The landscape, unchanged since the days of Abraham.

 

Once, in the virgin forests trod the Mohawk,

A proud hunter carrying his stone tomahawk,

Then came traders with gaudy trinkets and booze

To erase his pride and tales of the mighty hawk.

 

A cowboy roaming the west is a prairie bard

Whose western tunes our tortured ears bombard.

For some it is joy, for others piercing pain.

Remember, that which lifts souls, never discard.

 

In my adolescent years, I rode the western freight

In freezing cold, without food, such was my fate.

Now in luxury I live but it will not fade away

The picture of biting cold and meals I never ate.

 

Often in the winter cold, I heard mother weep,

Crying for a better life for us who were asleep.

I ask, ‘Is it fair, some must starve and suffer

While others, their ripened harvest reap’?

 

Cruel were my schoolmates, taunting me ‘infidel’,

And ‘foreigner’ who came, in their land to dwell.

They must’ve all feared the strange and unknown,

The bully and even the beautiful mademoiselle.

 

On the prairie plains, a stranger is a friend

For on each other, scattered farmers depend.

T’is the same.  Country folks, no matter whether

They be, bedouins or pioneers, hospitality extend.

 

Long did I bear dust storms in Canada’s west,

And blowing thistles which that land infest.

In those days, paradise was in other lands.

0h!  How green are the fields over yonder crest.

 

Did Indians live in ignorance and unbelief,

And did they rob and kill from brave to chief?

They are here no more, you have their lands,

Walk with shame when they say you are the thief.

 

Hiawatha’s pride was a code for every tribe.

To his lifestyle, every brave ascribed,

Then invaders came with gods and books and guns

To modernize, but also teach the ways to bribe.

 

Cold and barren is the northern land I dislike.

To it man came for a little gold to strike.

It was a fleeting mirage which passed away.

Today, are there men or gold in the Klondike?

 

The hot wind is playing with a sandy dune.

In a hayloft two lovers were beginning to spoon.

Each has been programmed to follow a chosen way

By Him who is manipulating both sun and moon.

 

Many were the winter nights we would retire

To sleep around a stove made red by fire.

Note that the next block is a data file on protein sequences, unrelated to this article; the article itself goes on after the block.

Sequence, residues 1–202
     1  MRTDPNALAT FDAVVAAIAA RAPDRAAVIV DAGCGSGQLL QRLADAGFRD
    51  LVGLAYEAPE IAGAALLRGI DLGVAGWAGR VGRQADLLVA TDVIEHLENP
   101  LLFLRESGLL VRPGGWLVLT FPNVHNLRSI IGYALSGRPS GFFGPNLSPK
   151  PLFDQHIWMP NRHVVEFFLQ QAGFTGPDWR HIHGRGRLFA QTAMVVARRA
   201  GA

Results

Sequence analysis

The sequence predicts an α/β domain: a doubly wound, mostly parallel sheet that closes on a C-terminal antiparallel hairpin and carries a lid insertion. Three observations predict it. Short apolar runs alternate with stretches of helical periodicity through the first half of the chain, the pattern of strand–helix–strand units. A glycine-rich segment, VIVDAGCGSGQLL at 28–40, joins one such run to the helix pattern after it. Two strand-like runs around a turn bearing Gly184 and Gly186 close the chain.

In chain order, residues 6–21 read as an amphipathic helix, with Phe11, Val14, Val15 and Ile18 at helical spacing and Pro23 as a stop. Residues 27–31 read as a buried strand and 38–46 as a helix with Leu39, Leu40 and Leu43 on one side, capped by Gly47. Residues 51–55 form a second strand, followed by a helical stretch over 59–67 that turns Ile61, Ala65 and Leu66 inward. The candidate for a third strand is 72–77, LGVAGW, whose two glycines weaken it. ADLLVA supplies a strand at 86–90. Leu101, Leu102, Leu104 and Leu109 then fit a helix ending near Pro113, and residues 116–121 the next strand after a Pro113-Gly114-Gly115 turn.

Man loves to feel the heat of a biting flame

Whether it be hearth or a passionate spitfire.

 

Dreadful are the prairies in a winter storm.

Shivering are its humans, trying to keep warm,

But soothing are their dreams of sunny isles

Where from the cold tourists flock and swarm.

 

In far Saskatchewan, I heard church bells chime,

A friend in Syria heard words of an imam rhyme. (4)

Each had a message, a message that was clear,

Man to be different is an unforgivable crime.

 

Birds flying south searching for waters warm.

Geese in formation escaping the winter storm.

Man, struggling in the cold, bemoaning his fate.

Was He just? Why was not migration uniform?

 

See the cows gather, fearing the coming storm,

And see how the chickens in the barnyard swarm.

All are terrorized of the dark unknown, as man

Has from the days when he wrote in cuneiform. (5)

 

By a dry river bed, there bloomed many a rose

Beautifying the prairie lands, ere winter snows.

Wait!  We too mature, blossom then fade away

When the inevitable wind of our winter blows.

 

Strange as it may seem I never tasted the grape,

Nor did I have the chance its influence to escape.

For in the arid western plains only thistle blew,

No vine to arouse our souls or our morals rape.

 

In the Alberta wheat fields, men would toil

To harvest the golden kernels from the soil.

I ask, ‘Would they have sweated to reap the grain

If they knew that below the land was the oil?’

 

Still, still I cannot forget the blowing dust

To which in my tender years I could not adjust.

I roamed the wide world searching for its joys,

Yet, that still the piercing sand my soul incrust.